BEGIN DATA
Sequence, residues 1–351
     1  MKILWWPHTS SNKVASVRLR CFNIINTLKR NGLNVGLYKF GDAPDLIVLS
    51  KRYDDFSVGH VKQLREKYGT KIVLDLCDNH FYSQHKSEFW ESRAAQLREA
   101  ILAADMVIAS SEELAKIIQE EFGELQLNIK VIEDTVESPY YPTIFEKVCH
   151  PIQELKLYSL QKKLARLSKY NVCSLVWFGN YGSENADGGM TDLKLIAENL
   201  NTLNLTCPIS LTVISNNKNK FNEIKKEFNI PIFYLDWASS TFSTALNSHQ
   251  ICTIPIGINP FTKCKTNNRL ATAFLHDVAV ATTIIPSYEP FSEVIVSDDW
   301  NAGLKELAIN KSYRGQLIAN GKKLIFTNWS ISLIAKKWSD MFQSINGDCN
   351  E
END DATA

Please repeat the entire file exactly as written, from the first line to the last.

Sequence, residues 1–351
     1  MKILWWPHTS SNKVASVRLR CFNIINTLKR NGLNVGLYKF GDAPDLIVLS
    51  KRYDDFSVGH VKQLREKYGT KIVLDLCDNH FYSQHKSEFW ESRAAQLREA
   101  ILAADMVIAS SEELAKIIQE EFGELQLNIK VIEDTVESPY YPTIFEKVCH
   151  PIQELKLYSL QKKLARLSKY NVCSLVWFGN YGSENADGGM TDLKLIAENL
   201  NTLNLTCPIS LTVISNNKNK FNEIKKEFNI PIFYLDWASS TFSTALNSHQ
   251  ICTIPIGINP FTKCKTNNRL ATAFLHDVAV ATTIIPSYEP FSEVIVSDDW
   301  NAGLKELAIN KSYRGQLIAN GKKLIFTNWS ISLIAKKWSD MFQSINGDCN
   351  E